Ukrainian challenges for Patriarch Bartholomew


Epiphanes, 39, seems to be an ideal candidate: 1) he was never a member of the Moscow Patriarchate and did not initiate the schism; 2) had no crow to pluck with the MP hierarchies and is ready to start the OCU history over from scratch; 3) studied at the National and Capodistrian University of Athens (he spoke partly in Greek on January 6 at St. George’s Church).

However, all is not rosy.

First, the elected OCU primate depends on the head of the Kyiv Patriarchate Filaret (Denysenko) (despite his promise to Patriarch Bartholomew, Filaret has still not abolished the legal entity UOC-KP: he retains control over all his hierarchs who constitute a majority in the UCO).

Second, Epiphanes is heavily dependent on Petro Poroshenko (during his electoral campaign across regions of the country he must accompany the president and openly support him; if Poroshenko loses the elections, Epiphanes would have difficulty establishing relations with the new ones. leaders).

These are not Epiphanes’ worst problems. It was not canonically ordained – because all UOC-KP hierarchs of the “second generation” after Filaret were anathematized.

It should be noted that during the 2001-2003 negotiations with the Russian Orthodox Church on the Ukrainian question, many hierarchs ordained in the UOC-KP did not really believe that they were bishops. As a source told the Fanar, when they addressed the ROC with penance, they asked to accept them not as “bishops” but in the status they had before the schism (priest, deacon or layman). Then the Russians showed a number of these letters from the hierarchs of the UOC-KP.

Several years ago, a Ukrainian bishop from the Moscow Patriarchate who visited Greece claimed that many UOC-KP bishops and priests wearing civilian clothes were seen at the Kiev Pechersk Lavra on the day of Epiphany: after having sanctified the water in their temples, they secretly came to Lavra to drink the “real” holy water.

When the two exarchs of the Patriarchate were appointed in Ukraine, Kiev and Moscow were convinced that these two bishops would secretly reorder all the hierarchs of the OCU and restore its canonical hierarchy. The “secret reordination” is organized by the Ecumenical Patriarchate when a non-canonical diocese is to be accepted into communion without any humiliation in the eyes of the faithful. Hereby, such a procedure has been carried out for hierarchs of the UOC of the United States and of the Ukrainian Orthodox Church of Canada who have not been canonically ordained.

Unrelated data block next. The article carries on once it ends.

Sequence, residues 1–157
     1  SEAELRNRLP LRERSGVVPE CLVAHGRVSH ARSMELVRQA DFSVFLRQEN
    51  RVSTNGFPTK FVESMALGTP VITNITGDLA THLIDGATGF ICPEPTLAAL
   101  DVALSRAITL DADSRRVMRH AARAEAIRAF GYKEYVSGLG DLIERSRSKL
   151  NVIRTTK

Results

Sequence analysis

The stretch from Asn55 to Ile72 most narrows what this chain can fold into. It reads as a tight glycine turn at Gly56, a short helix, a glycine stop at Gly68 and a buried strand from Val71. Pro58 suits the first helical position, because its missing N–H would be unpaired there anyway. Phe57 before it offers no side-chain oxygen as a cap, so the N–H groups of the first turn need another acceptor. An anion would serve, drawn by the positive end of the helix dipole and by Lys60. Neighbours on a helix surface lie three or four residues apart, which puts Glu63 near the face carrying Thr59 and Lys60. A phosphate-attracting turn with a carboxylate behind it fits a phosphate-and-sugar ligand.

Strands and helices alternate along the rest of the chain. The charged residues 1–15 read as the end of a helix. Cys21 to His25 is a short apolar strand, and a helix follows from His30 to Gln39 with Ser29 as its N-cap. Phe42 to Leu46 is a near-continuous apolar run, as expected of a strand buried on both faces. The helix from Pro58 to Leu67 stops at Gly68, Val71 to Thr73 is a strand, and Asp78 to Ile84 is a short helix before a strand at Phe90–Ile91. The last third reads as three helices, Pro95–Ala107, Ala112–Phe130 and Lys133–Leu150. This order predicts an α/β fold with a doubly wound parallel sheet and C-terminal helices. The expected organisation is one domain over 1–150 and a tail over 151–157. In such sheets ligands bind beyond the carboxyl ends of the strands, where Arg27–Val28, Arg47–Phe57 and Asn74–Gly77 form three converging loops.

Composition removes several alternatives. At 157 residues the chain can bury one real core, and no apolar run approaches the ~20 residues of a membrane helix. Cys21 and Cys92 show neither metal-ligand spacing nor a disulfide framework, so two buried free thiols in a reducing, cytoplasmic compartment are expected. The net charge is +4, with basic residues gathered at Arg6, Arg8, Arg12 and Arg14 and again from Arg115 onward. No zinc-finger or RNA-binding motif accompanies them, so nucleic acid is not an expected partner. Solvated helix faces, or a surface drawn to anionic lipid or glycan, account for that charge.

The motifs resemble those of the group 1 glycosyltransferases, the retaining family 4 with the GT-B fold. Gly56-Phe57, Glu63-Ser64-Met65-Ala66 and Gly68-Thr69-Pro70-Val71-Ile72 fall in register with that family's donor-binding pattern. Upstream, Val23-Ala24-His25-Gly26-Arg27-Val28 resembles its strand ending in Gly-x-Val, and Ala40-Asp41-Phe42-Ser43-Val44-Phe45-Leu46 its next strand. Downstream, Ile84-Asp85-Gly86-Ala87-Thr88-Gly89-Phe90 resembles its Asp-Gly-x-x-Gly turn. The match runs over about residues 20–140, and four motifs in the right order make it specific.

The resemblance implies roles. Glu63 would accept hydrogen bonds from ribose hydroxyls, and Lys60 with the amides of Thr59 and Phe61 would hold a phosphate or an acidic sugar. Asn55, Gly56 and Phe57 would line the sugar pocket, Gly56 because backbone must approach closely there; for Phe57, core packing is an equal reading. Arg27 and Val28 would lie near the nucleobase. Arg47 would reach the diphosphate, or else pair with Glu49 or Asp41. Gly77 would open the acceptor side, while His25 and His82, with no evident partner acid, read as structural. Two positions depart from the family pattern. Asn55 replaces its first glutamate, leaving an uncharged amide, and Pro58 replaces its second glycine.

However, the Patriarch did not restore the canonicity of the OCU hierarchy. This happened due to the rush and pressure from Petro Poroshenko who was to unite the OCU and get the tomos before the start of the election campaign.

For the first time in the history of Constantinople, there was such a rush that the tomos was awarded without the signature of the members of the Holy Synod – on January 6, Patriarch Bartholomew presented the signed document with only two words: “ratified by B”. (“ἀποφαίνεται Î’.”). After that, the famous Archimandrite theologian Cyril (Hovorun) declared the tomos invalid, so a few days later he returned to the Phanar to be “finalized” by the synod.

Maybe the OCU hierarchy will be “finalized” in the same way? Now, however, its uncanonicity is causing confusion in other local churches.

Patriarch Bartholomew’s plan would have been different. He insisted that Filaret be excluded from the elections for the new primate of the church. The UCO was to be headed by Canonical Metropolitan Simeon of Vinnytsia of the Ukrainian Orthodox Church of the Moscow Patriarchate (UOC-MP). The Ukrainian president has repeatedly promised the Patriarch that 10 to 25 UOC-MP hierarchs will attend Sobor in December. He even handed over the list of them, which was rumored to have only been seen by Patriarch Bartholomew. However, the hierarchs of the Moscow Patriarchate ignore the Sobor: Simeon gets few votes and Filaret’s candidate is elected.